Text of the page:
We always aspire for a perfectionism.
Especially for things that we care a lot, we want it to be perfect. Be it your first date, your wedding, initial setup for your brand-new mobile phone, your first job interview…the list goes on.
Unfortunately, perfectionism tends to have more negative effects than positive ones. It sets you back. It gives you an excuse not to take the next step. Like “Oh, it’s still not perfect, I’m still working on it, so I cannot move on….”
But the more time you spend, the harder it becomes to complete because now the expectation is higher. It traps you into a vicious cycle.
The key to avoiding this is to let go of your perfectionism.
Get used to being imperfect. Embrace being imperfect. When you think about learning how to ski, it’s pretty clear that you have to try by yourself, right? You end up falling down a lot, but that’s just part of the learning process.
We seem to forget this when it comes to intellectual activities such as learning UX.
Whether you take college programs or bootcamp or on your own, the important thing is you actually work on projects by yourself. The more you try by yourself, the better you will become.
You should start trying before you feel you are fully ready. In fact, you will probably learn a lot more, a lot faster this way.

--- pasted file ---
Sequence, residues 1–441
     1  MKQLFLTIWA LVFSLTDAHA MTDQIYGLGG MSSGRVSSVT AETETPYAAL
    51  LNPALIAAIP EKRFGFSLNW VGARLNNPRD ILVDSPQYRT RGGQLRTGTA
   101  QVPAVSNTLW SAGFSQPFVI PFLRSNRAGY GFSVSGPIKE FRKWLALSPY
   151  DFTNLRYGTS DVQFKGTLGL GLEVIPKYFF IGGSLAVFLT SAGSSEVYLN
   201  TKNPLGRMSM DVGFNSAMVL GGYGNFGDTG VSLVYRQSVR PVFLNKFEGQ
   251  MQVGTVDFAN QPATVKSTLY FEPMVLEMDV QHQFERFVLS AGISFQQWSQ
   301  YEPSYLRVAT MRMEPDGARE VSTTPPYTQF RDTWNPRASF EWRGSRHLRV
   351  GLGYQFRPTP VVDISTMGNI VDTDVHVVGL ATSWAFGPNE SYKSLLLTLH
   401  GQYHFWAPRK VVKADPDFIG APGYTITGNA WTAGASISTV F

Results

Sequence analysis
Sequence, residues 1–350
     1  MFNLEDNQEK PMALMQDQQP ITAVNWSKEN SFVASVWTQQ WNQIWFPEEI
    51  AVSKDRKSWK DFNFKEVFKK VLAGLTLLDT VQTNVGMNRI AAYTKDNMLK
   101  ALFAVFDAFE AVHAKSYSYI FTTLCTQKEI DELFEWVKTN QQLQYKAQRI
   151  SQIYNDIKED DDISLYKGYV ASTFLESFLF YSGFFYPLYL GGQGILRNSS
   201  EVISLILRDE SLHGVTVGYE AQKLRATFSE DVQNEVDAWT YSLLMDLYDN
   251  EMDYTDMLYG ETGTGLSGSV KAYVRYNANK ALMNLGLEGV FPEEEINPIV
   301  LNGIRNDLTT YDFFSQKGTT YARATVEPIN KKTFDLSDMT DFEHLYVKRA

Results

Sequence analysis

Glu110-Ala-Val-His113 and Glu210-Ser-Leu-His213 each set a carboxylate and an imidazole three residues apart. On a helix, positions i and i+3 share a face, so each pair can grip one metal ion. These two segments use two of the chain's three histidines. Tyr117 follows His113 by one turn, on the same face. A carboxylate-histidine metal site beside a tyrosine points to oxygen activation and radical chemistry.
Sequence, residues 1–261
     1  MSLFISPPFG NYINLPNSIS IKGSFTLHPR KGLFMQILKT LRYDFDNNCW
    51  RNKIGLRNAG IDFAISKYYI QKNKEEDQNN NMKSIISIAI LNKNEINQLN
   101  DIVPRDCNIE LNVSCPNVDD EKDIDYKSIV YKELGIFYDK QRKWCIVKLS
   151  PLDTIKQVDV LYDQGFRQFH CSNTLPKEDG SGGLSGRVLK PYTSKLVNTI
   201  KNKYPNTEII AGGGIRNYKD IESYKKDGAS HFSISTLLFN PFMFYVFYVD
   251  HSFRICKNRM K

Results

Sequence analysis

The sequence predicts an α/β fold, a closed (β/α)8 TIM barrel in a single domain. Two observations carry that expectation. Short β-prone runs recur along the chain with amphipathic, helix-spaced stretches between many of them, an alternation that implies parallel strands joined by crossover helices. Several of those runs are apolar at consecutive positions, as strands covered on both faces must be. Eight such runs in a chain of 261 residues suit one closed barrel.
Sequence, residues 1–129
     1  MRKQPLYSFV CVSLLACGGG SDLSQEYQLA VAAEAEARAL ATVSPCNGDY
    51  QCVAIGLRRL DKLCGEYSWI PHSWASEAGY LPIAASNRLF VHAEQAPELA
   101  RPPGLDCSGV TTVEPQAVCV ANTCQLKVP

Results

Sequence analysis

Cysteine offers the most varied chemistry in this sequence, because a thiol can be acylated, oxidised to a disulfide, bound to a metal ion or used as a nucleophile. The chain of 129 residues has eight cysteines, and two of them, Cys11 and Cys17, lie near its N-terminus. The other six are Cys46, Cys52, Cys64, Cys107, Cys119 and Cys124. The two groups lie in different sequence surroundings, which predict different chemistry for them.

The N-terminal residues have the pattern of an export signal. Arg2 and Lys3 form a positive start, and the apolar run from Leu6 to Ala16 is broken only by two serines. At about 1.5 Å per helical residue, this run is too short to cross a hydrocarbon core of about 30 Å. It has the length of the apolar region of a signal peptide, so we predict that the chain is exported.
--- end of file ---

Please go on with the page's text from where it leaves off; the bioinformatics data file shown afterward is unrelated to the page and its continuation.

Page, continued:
In order to do so, you need to let go of your perfectionism, and feel comfortable enough being imperfect and try.
It’s interestingly counter-intuitive, but it’s true.
In today’s UX practice, we put rough prototypes in front of users to quickly find out if it works for the users or not. It’s important to do this earlier than later so that you can “fail fast”.
As a result, you learn problems quicker, iterate quicker, which leads to a better design quicker before investing too much time.
When you are learning to become a UX designer, it’s the same thing. In this case, you are “a UX designer prototype” yourself! To improve yourself quicker, it’s better to actually work with PM, engineers, other UX designers, UX researchers on a UX project, earlier than later.
This is the most valuable way to learn what works and what doesn’t. You may get critical feedback, sometimes even harsh ones.But that’s OK. Those are all part of the learning process. Just like falling down painfully while practicing how to ski…
Try for yourself early and fail fast!